Newly appointed commissioners of the Los Angeles Department of Water and Power have given officials two weeks to account for millions of ratepayer dollars spent by a pair of nonprofit trusts created to improve relations between the city-owned utility and its largest employee union.
DWP managers said last month that they had scant records showing how more than $40 million had been spent since 2000 by the Joint Training Institute and the Joint Safety Institute, which are co-managed by the department and the International Brotherhood of Electrical Workers Local 18.
On Tuesday, new DWP commissioners appointed by Mayor Eric Garcetti — who was elected this year after vowing to rein in salaries and benefits at the utility — demanded a detailed accounting of about $3 million spent by the nonprofits in fiscal 2012.
Leaders of the DWP and the union have been under siege from the mayor’s office, the city controller and members of the City Council since The Times reported two weeks ago that nobody could explain how the ratepayer money had been spent.
DWP General Manager Ron Nichols said Tuesday: “There is no reason for not having greater transparency with respect to this.”
But producing the records from the jointly run organizations could require cooperation from the union, which appoints half of the nonprofits’ board members, and has so far been unwilling to provide any detailed public accounting of the groups’ spending. The union’s business manager, Brian D’Arcy, could not be reached for comment Tuesday.
The union refused a Times request for the nonprofits’ financial records in August, arguing that the labor organization is not a government agency and therefore not bound by public disclosure requirements.
The five-person DWP commission met for the first time Tuesday with four new members appointed by Garcetti.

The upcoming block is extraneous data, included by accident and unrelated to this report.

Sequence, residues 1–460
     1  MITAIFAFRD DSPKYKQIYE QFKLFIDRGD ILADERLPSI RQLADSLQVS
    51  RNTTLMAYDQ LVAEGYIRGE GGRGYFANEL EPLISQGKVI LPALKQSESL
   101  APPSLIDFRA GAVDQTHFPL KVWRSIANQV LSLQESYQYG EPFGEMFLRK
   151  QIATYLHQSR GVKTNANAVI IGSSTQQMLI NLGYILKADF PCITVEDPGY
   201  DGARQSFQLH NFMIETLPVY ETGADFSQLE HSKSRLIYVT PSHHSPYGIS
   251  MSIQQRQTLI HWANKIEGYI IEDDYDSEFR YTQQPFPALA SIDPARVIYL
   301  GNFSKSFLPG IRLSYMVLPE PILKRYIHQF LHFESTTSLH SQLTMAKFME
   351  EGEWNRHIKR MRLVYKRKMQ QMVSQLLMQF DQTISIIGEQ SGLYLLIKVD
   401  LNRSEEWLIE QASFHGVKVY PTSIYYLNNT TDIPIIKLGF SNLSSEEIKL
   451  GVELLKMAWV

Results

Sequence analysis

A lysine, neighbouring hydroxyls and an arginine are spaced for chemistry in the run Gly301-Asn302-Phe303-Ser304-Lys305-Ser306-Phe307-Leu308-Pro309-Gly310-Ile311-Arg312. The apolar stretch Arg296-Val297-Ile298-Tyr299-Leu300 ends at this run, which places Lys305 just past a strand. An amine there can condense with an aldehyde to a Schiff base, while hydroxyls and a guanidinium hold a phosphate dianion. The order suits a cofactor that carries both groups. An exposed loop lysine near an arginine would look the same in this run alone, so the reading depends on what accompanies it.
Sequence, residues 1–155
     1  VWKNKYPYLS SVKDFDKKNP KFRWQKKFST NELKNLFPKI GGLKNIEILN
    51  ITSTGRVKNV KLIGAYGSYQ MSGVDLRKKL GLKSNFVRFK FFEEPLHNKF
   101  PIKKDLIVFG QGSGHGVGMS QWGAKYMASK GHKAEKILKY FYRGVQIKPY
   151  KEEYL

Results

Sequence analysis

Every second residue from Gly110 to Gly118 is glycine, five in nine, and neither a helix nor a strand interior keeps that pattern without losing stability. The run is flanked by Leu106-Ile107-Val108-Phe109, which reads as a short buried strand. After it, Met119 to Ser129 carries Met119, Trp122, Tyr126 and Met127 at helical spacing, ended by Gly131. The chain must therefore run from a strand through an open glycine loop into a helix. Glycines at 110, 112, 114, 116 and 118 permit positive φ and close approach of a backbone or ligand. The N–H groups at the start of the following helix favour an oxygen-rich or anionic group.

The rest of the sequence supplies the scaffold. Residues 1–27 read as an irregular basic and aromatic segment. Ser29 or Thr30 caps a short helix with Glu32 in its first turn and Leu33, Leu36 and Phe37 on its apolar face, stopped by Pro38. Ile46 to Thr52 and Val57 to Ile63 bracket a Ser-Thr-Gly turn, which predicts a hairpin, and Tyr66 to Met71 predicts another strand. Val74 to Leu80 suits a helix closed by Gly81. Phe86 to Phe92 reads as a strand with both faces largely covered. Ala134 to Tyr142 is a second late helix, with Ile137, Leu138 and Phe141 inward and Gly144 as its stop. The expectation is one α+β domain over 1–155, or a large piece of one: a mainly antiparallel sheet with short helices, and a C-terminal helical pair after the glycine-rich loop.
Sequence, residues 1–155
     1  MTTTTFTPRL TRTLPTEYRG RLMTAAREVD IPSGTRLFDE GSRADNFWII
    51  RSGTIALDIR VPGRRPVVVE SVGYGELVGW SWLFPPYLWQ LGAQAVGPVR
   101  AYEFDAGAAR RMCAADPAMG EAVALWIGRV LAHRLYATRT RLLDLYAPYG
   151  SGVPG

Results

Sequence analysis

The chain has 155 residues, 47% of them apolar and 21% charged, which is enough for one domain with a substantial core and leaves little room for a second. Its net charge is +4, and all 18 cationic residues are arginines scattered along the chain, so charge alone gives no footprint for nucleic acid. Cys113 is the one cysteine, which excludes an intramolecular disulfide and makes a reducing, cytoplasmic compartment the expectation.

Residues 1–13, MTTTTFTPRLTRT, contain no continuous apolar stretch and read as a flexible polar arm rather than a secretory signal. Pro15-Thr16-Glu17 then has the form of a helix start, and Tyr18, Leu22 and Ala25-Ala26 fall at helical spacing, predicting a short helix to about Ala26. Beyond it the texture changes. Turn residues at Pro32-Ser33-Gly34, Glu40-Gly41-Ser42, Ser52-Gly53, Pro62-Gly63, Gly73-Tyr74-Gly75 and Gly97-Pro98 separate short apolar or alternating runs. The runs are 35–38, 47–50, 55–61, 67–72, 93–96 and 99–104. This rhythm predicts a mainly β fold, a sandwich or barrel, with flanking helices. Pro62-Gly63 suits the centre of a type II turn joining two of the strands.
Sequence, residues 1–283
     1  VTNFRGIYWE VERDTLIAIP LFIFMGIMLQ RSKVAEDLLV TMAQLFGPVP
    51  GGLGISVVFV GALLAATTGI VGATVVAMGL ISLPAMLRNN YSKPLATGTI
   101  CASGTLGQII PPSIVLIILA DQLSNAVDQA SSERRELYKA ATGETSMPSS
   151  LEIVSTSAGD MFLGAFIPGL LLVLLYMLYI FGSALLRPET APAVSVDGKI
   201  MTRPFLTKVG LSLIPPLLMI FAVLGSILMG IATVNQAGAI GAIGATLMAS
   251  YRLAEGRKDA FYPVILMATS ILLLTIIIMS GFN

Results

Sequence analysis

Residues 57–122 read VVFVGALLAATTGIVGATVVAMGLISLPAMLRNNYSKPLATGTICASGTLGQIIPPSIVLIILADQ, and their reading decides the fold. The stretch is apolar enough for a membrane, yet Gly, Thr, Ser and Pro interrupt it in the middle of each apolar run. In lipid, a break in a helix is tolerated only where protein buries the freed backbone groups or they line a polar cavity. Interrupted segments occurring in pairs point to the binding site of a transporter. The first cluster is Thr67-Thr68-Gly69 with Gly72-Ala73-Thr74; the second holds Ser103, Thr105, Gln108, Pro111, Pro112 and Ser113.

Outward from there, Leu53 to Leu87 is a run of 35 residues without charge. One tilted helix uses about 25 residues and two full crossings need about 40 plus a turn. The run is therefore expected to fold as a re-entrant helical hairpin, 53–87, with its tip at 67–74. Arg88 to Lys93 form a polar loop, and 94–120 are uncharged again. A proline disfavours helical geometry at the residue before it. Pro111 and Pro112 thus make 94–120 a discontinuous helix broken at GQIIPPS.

One of the new commissioners, former U.S. Rep. Mel Levine, asked the department to produce records explaining a range of expenditures listed on the nonprofits’ publicly available tax returns, which offer only summaries of broad categories of spending.
Levine asked for more specific information about $631,440 spent by the training institute on “administrative expenses” in fiscal 2012 and $663,481 spent on “other.” He also asked for records of travel expenditures. The tax returns show the two institutes spent more than $360,000 on travel from fiscal 2010 to fiscal 2012, but they don’t indicate who traveled or where they went.
The organizations, which were created after a round of job cuts at the department in the late 1990s, receive up to $4 million per year in ratepayer funds.
Jack Humphreville, a member of the Greater Wilshire Neighborhood Council and frequent critic of the DWP, said he believes the organizations were created to “absorb a bunch of overhead for the IBEW because their dues went down.”
Limited records that the department provided under the California Public Records Act showed the organizations have been spending about $1 million per year on the salaries of a few administrators, including $171,361 in 2012 paid to Jon Pokorski, who is listed as the union president on the IBEW Local 18 website.
The broad purpose of the organizations, city records show, has been to “identify” safety and training as core values at the department, and to promote “communication, mutual trust and respect” between DWP managers and the electrical workers’ union.
Ordinances establishing the nonprofits in 2000 and 2002 don’t specify how the ratepayer money should be spent. The department has separate safety and training programs.
Last week D’Arcy sent a letter to Councilman Felipe Fuentes saying that the organizations have helped address disparate and inefficient training and safety programs at the DWP.
He said the institutes had created and implemented a department-wide “safety information and action program” that trained 7,800 employees and a “field ergonomics initiative that has helped more than 3,500 journeymen and women learn to work both smart and safely.”